I don't know if it's more surprising that you say you taught yourself selling and storytelling, you taught yourself this stuff, or that you actually managed to get real live value out of YouTube. I'm not too sure which one they're the most impressive, or also that you either have or have met, you know, partners, or husbands and wife that will actually tell stories together as a group, like every time I start with a story, my wife just goes, Oh, no, that one again.
Matthew Pollard 10:49
You know, I have stories that I use in business, and especially with COVID, you know, working from home, you know, my wife will say, Oh, gosh, I heard the windy story coming out of your office again, you know, that's the thing, you know, stories, they're predominantly for the teller, the receiver of the story, right for them. And this is an important thing, especially for introverts when they're learning to sell, you know, we're always stuck in our heads trying to work out what to say. So going in with a plan and having prepared stories, you know, not to be someone that you're not, but to be the best version of yourself. And to tell the best story that that gets you the best outcome is hugely empowering, because you don't have to worry about what to say, you can gravitate to that story, and you know that it works. So for me, I mean, there's been times where I've literally flown from Thailand back to the United States, thinking I was still in my 20s, not my 30s. And getting back and not giving myself a day before I've got to be on, you know, sales calls and things like that, because maybe it was a short notice presentation or something like that. And I've landed back. And it's so amazing that like, I can start the sales process, and I get to a story and I can literally switch my brain off. I mean, I literally do it in my sleep, tell the story. And like I can switch my brain back on three or four minutes later and finish the story and say, does that make sense? And I know the customers? Well, yeah, I mean, I need exactly what Wendy has, or Yes, I mean, the exact same, I've got the exact same problem as Alex. And all of a sudden, I've got that connection with a customer that what I found is that you'd have to do so much more hustling to get to otherwise. And that would mean that you needed to learn those horrible Bulldog techniques and hard closings that you know introverts especially don't feel comfortable with. So what I realised and that's the reason why my books been endorsed by Harvard, by Princeton by Neil Patel, by Marshall Goldsmith is you know, my whole process is that, especially as an introvert, you want to find a process that doesn't have any of those Bulldog, hard closing techniques. It's just a natural step by step process that leads to a sale. And the easiest way to get to that is by telling the story,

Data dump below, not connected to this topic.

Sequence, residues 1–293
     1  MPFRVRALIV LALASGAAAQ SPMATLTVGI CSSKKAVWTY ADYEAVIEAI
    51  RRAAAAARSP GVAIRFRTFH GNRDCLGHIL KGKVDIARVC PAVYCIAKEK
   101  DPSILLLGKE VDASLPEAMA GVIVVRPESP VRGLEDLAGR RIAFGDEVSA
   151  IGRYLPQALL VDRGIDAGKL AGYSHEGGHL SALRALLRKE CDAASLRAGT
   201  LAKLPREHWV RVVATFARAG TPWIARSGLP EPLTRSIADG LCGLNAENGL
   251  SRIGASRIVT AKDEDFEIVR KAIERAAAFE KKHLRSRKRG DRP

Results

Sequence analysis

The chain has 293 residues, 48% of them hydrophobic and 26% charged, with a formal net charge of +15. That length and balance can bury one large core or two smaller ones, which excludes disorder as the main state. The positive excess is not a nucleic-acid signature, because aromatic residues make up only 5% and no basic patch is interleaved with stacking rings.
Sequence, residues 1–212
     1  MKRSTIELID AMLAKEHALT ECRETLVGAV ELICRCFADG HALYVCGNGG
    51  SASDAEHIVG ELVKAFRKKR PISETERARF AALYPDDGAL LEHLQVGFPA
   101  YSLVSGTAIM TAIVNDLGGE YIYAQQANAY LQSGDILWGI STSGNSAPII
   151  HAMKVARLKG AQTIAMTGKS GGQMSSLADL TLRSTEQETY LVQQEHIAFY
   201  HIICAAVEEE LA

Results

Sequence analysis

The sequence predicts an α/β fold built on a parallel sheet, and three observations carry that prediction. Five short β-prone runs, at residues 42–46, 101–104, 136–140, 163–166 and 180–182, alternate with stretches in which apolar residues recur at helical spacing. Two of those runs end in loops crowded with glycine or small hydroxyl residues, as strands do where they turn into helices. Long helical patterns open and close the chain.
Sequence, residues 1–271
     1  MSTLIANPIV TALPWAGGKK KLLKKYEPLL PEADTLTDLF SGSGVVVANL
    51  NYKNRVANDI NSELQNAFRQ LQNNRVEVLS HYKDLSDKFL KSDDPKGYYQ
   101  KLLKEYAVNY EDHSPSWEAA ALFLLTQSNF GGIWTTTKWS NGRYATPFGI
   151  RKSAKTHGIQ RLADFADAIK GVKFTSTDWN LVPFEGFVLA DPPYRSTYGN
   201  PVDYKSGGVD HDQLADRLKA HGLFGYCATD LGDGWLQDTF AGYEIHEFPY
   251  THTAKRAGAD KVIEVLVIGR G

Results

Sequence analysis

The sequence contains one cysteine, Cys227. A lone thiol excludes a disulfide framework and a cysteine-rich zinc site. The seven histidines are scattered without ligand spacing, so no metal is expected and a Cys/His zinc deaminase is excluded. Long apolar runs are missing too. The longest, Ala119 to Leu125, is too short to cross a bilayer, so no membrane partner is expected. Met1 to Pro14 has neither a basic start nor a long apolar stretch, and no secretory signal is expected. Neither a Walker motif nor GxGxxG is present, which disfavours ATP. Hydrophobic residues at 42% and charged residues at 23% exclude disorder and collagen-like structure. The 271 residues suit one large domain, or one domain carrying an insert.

Francisco Mahfuz 12:51
we're going to get this back to story very shortly. But I want to ask something about the system you described in the book, because I, I immediately felt something when I was reading it, but then I couldn't quite put my finger on and explain which was, you said something like that, if you have a system, you don't ever need to take rejection. Personally, you just find what's not working in the system, you know, have I done all the steps and if you haven't, tweak it, and then go back at it. And I know, that made complete sense to me, made me start wondering if I am introverted, which I don't think I am. But but he also then later I thought, Well, isn't this a very nice way to describe that age old approach of it's a numbers game, and I don't think it is, but I couldn't quite put my finger in why your system of you know, just tweak the variables and and go at it again, is different than the it's a numbers game approach that every salesperson gets taught.
Matthew Pollard 13:49